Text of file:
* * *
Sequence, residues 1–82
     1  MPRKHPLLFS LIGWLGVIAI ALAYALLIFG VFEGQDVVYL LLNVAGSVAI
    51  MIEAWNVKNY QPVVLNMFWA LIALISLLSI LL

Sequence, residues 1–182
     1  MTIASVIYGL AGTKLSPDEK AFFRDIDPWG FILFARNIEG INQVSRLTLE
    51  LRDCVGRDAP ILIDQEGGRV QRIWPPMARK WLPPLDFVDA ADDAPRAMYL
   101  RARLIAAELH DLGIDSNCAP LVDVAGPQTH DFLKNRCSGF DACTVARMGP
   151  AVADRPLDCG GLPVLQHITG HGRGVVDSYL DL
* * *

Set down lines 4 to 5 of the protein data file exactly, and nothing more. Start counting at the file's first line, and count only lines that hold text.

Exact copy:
Sequence, residues 1–182
     1  MTIASVIYGL AGTKLSPDEK AFFRDIDPWG FILFARNIEG INQVSRLTLE